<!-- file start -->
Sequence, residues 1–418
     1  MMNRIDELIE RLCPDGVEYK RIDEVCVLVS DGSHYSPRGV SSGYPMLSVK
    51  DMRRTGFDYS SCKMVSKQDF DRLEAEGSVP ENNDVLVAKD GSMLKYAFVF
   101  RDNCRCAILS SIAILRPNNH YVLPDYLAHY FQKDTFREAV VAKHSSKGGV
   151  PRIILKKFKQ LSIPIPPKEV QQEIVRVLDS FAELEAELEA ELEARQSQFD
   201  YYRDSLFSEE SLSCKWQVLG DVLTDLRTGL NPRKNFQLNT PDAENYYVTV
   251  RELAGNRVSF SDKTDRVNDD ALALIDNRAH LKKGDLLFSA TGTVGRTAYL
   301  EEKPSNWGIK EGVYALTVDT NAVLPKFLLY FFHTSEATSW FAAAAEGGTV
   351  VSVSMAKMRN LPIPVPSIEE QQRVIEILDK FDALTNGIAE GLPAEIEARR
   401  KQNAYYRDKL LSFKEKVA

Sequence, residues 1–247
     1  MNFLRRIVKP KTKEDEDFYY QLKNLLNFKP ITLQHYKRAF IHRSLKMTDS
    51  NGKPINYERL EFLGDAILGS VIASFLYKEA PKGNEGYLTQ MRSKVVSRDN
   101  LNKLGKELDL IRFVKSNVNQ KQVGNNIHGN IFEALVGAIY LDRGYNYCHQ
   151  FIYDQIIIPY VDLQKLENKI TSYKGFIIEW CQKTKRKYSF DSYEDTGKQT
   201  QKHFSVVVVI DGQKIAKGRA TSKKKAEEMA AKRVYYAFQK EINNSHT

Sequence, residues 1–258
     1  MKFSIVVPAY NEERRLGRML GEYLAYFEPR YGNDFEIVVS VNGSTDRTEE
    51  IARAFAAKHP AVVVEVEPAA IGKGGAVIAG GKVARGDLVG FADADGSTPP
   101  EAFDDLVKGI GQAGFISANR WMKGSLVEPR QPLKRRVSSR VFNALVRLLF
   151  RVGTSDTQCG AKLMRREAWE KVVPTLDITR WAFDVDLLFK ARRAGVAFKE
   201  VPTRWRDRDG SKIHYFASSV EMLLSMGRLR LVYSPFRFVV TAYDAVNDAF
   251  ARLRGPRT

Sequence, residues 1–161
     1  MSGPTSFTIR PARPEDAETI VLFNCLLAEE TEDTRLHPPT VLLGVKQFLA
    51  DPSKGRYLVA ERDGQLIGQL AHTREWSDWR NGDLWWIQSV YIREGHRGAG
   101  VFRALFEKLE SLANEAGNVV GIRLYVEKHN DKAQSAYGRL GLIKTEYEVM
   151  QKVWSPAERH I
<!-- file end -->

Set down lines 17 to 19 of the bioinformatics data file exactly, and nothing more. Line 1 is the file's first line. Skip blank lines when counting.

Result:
Sequence, residues 1–258
     1  MKFSIVVPAY NEERRLGRML GEYLAYFEPR YGNDFEIVVS VNGSTDRTEE
    51  IARAFAAKHP AVVVEVEPAA IGKGGAVIAG GKVARGDLVG FADADGSTPP